The Goodwood Festival of Speed, which took place last weekend, brings a truly staggering variety of historic and modern cars to compete against each other.
It even had a few green cars, of sorts, which joined the splendid array of vehicles that sprinted up the hill, one by one, to be timed over the 1.1-mile course. Perhaps the most striking was a car few attendees had ever seen, the 1956 Renault Etoile Filante (“shooting star”) land-speed record car.
It’s only theoretically a green car—and painted French blue, naturally—but its experimental 270-horsepower turbine power plant is housed inside a tubular frame covered in a polyester-clad shape that resulted from two years of wind-tunnel testing, according to Renault.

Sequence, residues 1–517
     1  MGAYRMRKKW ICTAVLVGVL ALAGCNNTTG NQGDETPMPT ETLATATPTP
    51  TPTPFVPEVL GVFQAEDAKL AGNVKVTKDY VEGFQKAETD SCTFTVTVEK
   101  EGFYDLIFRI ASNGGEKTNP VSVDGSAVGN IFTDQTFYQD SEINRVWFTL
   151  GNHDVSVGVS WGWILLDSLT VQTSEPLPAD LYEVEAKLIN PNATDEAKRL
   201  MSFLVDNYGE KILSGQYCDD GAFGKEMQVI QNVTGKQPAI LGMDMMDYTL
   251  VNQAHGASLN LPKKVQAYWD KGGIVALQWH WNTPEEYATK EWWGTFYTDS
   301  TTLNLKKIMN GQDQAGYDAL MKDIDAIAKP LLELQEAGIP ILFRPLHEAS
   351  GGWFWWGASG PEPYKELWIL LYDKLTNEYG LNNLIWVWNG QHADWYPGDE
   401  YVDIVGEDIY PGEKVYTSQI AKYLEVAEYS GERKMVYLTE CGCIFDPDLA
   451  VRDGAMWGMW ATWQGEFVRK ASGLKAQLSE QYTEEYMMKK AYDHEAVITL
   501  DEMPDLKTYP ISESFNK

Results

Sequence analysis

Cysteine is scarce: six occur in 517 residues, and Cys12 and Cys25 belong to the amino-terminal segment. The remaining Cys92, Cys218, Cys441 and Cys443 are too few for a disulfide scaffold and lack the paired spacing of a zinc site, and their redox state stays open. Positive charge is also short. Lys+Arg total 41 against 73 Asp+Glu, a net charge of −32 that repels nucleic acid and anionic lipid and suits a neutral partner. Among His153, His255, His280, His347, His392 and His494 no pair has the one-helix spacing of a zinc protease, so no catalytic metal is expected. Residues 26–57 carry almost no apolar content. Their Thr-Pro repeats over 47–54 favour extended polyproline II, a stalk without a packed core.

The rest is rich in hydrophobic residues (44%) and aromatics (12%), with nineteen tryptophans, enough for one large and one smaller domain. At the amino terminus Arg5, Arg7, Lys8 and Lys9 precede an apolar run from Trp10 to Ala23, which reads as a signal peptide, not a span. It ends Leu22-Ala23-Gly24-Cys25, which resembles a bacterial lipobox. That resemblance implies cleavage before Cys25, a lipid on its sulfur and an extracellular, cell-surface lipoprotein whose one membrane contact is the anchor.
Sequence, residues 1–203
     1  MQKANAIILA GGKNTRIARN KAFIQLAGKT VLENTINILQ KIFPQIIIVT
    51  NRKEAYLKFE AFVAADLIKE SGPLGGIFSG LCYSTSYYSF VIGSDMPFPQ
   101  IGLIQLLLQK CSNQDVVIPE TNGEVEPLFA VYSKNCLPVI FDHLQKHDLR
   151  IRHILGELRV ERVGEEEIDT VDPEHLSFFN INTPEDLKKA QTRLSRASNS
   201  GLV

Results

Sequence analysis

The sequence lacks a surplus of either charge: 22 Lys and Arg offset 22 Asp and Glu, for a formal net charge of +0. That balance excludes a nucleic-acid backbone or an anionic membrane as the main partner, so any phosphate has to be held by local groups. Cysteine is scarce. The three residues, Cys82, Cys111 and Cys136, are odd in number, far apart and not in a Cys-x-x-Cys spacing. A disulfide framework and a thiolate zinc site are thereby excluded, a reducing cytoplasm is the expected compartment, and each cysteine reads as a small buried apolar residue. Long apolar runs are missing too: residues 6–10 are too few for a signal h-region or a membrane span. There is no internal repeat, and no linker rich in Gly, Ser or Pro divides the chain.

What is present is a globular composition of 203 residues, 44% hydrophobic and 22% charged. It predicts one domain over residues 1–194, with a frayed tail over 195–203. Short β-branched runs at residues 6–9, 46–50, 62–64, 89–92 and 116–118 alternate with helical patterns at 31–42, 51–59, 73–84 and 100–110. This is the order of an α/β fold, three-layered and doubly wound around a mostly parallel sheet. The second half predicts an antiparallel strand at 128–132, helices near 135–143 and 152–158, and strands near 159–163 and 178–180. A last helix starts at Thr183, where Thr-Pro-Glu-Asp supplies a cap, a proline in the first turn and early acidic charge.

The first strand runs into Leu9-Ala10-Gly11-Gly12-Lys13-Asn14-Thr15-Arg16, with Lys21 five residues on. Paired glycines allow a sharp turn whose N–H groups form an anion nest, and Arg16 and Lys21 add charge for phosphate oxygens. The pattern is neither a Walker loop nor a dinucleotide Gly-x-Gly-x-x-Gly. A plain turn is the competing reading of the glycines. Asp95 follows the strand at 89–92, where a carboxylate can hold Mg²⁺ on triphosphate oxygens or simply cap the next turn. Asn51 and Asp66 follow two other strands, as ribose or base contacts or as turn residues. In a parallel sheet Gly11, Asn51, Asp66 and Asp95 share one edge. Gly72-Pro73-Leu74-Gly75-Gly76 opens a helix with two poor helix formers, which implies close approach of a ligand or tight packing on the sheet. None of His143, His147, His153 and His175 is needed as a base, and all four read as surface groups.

At the Bonneville Salt Flats on September 5, 1956, the Etoile Filante set a Land Speed Record for turbine-powered cars of 191.74 mph (308.58 km/h) over 3 miles (5 km) that still stands today.
At Goodwood, it whooshed silently up the track, usually trailing two older and much noisier historic Renault racers.
Even quieter was the Tesla Model X P90D all-electric luxury crossover utility vehicle, which took several turns running up the hill amidst a line of cars up to 110 years older.
Its drivers invariably made the slower return trip down the hill with both falcon doors open, entrancing half the crowd and leading the other half to mutter, “Hmmph, bit flash, isn’t it?”
The Tesla booth set up amidst other luxury vendors attracted a steady crowd. While its Model X was a very early left-hand-drive model, it offered several of the latest Model S versions in right-hand drive as well. A single Toyota Mirai hydrogen fuel-cell car also slowly whirred its way up the hill.